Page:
by Paul Thompson and Shamala Kandiah Thompson
We’d chosen a good weekend to come here. While Boulder was a balmy 50 degrees farenheit, New York was experiencing its first real snowfall of the year. Snow and ice underfoot make for hard work, especially when running off-road.
Paul on the North Foothills trail
When we bought our apartment in North Boulder the big draw was ease of access to a network of off-road trails. Some, such as the North Foothills and Wonderland Lake, are a stone’s throw from the front door. These are great for shorter runs but after a while we started looking around for something that would work for longer, more challenging runs.
We found a great network of trails just north of us. You can run for miles with just the view of the Flatirons, Foothills and the plain stretching east for company. The trails are designated multi-use, gently undulating but rocky in parts. And this is where we headed for our run today.
I started right from the front door of the apartment while Shamala drove to the trailhead. I like this type of straight-out-the-door kind of running. The weather was perfect: light breeze and a cloudless blue sky. As this was day one at altitude (North Boulder is about 5500 feet above sea level) I was planning a relatively easy 90 minute run.
North Broadway was already a busy thoroughfare of cyclists heading north. I left the city limits behind me as I crossed Route 36 and went from tarmac to mud pack road and then finally off-road trail.
A marmot on the look-out for runners
The Cobalt Trail starts just north of the North Foothills Trailhead, which is where I caught up with Shamala. It starts rocky but as it descends towards the Boulder Valley Ranch Trailhead it gives over to softer ground – soft enough for marmots who pock mark the trail with their burrows and squeak incessantly, presumably to alert family and friends of my trespassing through their backyard.
A cowboy on his horse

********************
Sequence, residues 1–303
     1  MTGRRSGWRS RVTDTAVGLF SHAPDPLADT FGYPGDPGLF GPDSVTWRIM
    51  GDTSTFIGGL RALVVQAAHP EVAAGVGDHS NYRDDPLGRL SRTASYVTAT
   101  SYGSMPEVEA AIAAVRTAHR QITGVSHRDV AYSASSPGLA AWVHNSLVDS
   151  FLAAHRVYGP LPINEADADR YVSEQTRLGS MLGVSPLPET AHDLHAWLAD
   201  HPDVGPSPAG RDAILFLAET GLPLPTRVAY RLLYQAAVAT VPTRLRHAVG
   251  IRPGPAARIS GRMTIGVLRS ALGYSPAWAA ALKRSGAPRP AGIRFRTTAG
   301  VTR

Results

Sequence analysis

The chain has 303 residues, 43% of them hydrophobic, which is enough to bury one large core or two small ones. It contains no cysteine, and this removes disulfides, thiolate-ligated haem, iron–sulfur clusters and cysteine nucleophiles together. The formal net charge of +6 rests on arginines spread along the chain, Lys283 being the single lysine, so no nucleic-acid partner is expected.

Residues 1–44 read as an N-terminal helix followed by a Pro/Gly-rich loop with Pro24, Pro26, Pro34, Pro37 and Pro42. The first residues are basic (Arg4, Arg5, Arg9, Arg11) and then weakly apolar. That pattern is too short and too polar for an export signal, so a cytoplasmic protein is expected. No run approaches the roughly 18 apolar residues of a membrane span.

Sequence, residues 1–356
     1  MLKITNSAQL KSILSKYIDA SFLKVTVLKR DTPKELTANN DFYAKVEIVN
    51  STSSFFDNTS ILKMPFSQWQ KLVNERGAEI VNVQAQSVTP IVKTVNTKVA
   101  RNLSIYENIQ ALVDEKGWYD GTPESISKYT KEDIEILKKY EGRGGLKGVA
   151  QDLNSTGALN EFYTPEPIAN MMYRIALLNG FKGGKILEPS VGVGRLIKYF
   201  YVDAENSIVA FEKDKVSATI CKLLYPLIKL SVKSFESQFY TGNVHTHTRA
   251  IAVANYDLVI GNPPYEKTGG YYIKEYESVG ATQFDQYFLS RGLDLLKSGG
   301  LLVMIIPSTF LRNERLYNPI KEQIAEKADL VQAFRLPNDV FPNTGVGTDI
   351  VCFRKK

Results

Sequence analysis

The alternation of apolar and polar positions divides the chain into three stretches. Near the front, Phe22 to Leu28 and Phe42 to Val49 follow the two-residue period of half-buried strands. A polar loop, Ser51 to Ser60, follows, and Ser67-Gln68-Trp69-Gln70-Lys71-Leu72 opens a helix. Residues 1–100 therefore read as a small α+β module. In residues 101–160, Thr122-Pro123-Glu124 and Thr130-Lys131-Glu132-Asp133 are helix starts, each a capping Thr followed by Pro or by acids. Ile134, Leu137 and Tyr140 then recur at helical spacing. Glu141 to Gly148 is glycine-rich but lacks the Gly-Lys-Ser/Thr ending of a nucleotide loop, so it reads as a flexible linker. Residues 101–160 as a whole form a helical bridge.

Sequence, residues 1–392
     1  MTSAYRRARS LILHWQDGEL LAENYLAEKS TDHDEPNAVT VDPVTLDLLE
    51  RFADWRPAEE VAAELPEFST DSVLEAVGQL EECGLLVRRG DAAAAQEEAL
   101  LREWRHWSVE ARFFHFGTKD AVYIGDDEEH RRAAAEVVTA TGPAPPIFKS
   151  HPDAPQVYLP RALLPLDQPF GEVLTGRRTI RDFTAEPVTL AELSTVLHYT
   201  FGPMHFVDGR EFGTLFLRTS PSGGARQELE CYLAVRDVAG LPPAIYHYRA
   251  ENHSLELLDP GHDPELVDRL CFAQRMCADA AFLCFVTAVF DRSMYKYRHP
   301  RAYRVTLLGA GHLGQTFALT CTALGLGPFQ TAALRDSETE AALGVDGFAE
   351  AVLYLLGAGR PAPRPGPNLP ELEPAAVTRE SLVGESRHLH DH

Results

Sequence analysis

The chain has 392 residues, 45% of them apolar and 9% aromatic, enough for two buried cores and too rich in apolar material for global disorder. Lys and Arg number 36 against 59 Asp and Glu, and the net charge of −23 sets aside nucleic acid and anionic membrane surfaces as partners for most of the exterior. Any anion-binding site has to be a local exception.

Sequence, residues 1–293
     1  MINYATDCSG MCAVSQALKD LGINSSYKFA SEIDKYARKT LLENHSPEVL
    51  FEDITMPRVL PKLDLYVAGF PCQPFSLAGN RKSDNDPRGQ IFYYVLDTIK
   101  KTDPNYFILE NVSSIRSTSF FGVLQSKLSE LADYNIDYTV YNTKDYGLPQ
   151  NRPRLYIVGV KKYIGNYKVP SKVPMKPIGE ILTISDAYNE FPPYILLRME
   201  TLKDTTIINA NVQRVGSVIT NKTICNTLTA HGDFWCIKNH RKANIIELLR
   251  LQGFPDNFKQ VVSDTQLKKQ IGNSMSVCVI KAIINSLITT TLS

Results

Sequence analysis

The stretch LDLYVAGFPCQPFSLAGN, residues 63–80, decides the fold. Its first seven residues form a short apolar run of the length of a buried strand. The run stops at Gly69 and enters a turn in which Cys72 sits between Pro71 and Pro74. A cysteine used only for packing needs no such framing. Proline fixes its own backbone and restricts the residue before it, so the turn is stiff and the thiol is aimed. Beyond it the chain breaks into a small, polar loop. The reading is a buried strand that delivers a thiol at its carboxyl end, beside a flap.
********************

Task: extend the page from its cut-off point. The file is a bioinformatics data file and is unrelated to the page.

Reaching the Boulder Valley Ranch Trailhead, a parking lot filled with vehicles of runners, cyclists, walkers and horse riders, I ran due north along Left Hand of the North Boulder Valley Trail. It’s a dusty, rugged and undulating trail and makes a number of small dips and switchbacks as it navigates small creaks, and two lakes. I had the trail to myself bar a few mountain bikers and a horserider who looked like he was straight off the set of Brokeback Mountain.
On the way out the Foothill views to the left slowly unfold. For Shamala they unfolded more slowly (her words not mine) and she turned back after the second lake, while I kept going until the trail ended. At the trailhead a sign indicated that this was once Arapahoe land. I ran another two miles on the packed mud roads common to the area. These roads make for fast running – the Kenyan group featured in the blogumentary, Chasing Kimbia, trained on them a lot.
I retraced my steps back to North Boulder, taking a short detour, trading a long relentless climb up the Cobalt Trail for a short steep over-in-a minute climb. As I crested the climb and Boulder came into view I was greeted by a warm headwind. I’d been out for 98 minutes and logged 14 miles. So much for an easy run.
Paul heading back on the Valley Trail
Our after-run treat was coffee and pastries at Spruce Confections, our favorite North Boulder coffee haunt, as the frequent coffee points testify. It does great scones with fillings like pecan and blueberry. They actually bake their stuff on site. Plus there’s free wifi which enabled us to write this post.
We got there just ahead of a MAMIL cycling group (middle-aged men in lycra) who had just finished their long Sunday morning ride. Boulder is a magnet to those seeking an active lifestyle, regardless of age. It was recently rated the 4th Best US Town in 2011 by Outside Magazine and is home to some of the world’s top runners, cyclists, triathletes, mountain bikers, and rock climbers.
Another reason for coming to Boulder this weekend was to continue furnishing our apartment. On our last trip in October 2011 we got a bed and bedding: we are too old for the floor and in any case we are not students anymore. This time we were hoping to find a sofa, and maybe even a dining table and chairs. We checked out Concepts Furniture, and shortlisted a sleeper sofa. Unconvinced by the chocolate brown color, we headed to their sister store in nearby Longmont where we found exactly the same for less in burgundy. It was a tie break so we resolved to sleep on it, metaphorically at least.
For dinner we decided to check out the neighborhood pizza joint – Proto’s Pizza. We’d just missed Happy Hour, something Boulder has a reputation for. We shared a large Pontiff Pie pizza which, with the help of a pint of wheat and amber beer, we managed to reduce to a few crumbs. It was, of course, divine. No doggy-bag needed. It’s a good thing we’d done a long run earlier in the day.